CHICAGO – Building on his long-standing commitment to protect workers’ rights and improve conditions for hard working men and women across the state, Governor Rod R. Blagojevich today signed legislation that broadens picketing rights for labor unions and other workers involved in labor disputes with their employers.
House Bill 1480 allows people involved in labor disputes to picket, post temporary signs, park vehicles and set up tents or other temporary shelter areas for the picketers on public rights of way without having to require a permit. Currently cities, which are often employers with whom unions might have labor disputes, sometimes use public safety issues to suppress a union’s right to picket during a dispute.
“If hard working men and women need to march on the street to let the public know about a labor dispute, they should be able to do so without interference. Our nation is built on democracy and liberties, and one of the greatest liberties we have is the freedom of speech. That’s why I’m proud to sign legislation that secures our workers’ fundamental right to picket,” said Gov. Blagojevich who signed the bill during the AFL-CIO’s 25th Constitutional Convention at Chicago’ Navy Pier.
Rep. Brandon Phelps (D-Harrisburg) and Sen. Debbie DeFrancesco Halvorson (D-Chicago Heights) sponsored HB 1480, which allows for picketing in public rights of way. A public right of way is defined as a portion of a highway or street next to a roadway for accommodating stopped vehicles or for emergency use, that portion of a street between the curb lines, or the lateral lines of a roadway and the adjacent property lines.
“This law will prevent cities from suppressing a union or group’s opportunity to picket during labor disputes by setting uniform standards in place. We are heartened that Governor Blagojevich signed this much-needed law today,” said Rep. Phelps.
“This is about having the freedom and the right to make disagreements with employers public knowledge. By signing this law today, the Governor recognizes the importance of this freedom,” said Sen. Halvorson.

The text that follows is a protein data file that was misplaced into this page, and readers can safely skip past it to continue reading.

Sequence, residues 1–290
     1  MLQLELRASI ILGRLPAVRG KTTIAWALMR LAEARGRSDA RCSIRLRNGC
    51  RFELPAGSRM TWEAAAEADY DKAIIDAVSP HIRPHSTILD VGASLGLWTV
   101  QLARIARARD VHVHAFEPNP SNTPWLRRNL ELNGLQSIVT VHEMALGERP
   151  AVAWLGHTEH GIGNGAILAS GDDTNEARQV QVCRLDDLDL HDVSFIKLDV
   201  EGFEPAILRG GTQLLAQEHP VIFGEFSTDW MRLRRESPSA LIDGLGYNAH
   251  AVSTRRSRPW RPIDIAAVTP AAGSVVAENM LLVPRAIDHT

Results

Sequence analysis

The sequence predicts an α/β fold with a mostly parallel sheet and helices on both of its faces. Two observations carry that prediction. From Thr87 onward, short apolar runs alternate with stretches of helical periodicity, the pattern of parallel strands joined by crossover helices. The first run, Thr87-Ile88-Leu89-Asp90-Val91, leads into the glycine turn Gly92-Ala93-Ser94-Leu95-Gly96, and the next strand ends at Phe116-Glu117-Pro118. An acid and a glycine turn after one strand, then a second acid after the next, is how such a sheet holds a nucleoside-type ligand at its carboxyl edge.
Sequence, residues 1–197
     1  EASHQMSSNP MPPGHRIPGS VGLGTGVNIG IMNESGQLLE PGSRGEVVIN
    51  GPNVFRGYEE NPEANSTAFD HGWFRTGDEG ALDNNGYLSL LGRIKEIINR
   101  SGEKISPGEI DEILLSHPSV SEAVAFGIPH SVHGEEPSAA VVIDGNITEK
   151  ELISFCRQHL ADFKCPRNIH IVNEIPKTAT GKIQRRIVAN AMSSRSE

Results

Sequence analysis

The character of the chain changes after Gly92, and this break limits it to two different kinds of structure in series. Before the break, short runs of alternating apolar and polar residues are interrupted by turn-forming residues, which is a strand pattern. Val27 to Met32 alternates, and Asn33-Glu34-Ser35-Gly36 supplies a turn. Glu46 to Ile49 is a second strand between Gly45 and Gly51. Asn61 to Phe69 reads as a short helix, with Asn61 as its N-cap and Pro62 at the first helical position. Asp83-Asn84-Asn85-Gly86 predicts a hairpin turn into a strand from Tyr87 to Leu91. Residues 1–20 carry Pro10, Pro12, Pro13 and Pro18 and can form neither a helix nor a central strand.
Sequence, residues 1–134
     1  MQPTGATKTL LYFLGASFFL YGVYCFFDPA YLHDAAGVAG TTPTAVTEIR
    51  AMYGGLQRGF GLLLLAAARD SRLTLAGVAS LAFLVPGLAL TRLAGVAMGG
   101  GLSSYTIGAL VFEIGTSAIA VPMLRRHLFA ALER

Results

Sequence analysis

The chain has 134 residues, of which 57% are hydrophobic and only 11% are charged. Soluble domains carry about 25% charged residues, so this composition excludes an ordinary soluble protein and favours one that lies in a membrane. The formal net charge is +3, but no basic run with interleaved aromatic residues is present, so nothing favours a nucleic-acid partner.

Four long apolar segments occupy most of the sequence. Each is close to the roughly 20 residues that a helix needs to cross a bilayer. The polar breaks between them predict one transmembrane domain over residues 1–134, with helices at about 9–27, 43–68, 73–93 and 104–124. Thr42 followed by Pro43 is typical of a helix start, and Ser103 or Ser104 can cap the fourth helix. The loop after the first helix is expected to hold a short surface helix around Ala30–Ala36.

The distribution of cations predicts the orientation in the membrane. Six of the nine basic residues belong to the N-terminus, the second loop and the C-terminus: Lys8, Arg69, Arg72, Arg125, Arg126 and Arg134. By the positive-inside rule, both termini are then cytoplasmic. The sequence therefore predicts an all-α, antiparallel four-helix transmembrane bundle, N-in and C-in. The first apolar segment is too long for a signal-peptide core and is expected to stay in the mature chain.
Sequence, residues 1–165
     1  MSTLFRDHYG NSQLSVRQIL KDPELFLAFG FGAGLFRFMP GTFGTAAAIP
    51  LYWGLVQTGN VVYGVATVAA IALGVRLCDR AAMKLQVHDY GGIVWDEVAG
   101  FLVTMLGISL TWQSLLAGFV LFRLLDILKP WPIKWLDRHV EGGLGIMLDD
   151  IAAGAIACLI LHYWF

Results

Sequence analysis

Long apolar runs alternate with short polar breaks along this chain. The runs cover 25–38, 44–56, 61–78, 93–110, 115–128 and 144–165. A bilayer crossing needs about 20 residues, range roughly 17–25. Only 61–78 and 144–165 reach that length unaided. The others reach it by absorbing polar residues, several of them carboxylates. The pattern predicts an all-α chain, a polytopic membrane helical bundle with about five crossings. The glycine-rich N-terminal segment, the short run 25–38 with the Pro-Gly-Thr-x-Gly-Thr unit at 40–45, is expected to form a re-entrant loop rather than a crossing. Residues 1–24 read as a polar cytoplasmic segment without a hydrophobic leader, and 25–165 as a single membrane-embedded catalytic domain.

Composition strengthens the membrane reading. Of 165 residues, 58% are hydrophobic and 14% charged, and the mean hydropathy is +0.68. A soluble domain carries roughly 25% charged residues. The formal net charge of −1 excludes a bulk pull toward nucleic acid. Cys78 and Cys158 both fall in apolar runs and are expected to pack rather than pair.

Activities specifically authorized under this legislation are picketing by workers, posting of temporary signs, parking vehicles on the right of way and setting up tents or temporary shelter areas for the picketers.
“HB 1480 is a major victory for all Illinois workers. “This will help any party, union or non-union, to inform their community about disputes with employers. It is a matter of free speech,” said Margaret Blackshere, President of the Illinois AFL-CIO.
In addition to the AFL-CIO, supporters of this legislation include Teamsters, Teachers, Laborers, Steelworkers, Operating Engineers, United Auto Workers, SEIU and AFSCME. HB 1480 becomes effective January 1, 2006.
Since the beginning of his administration, Governor Blagojevich has made protecting workers’ rights one of his top priorities. Through executive or legislative action, the Governor has:
- Signed legislation that dramatically changes the workers’ compensation system to increase benefits for workers, reduce costs for businesses, and fight fraud. After the Governor made workers’ compensation reform a top priority in his 2005 State of the State address, he convened negotiations over several months with business and labor leaders and members of the General Assembly that resulted in the first major overhaul of Illinois’ workers compensation system in nearly 20 years.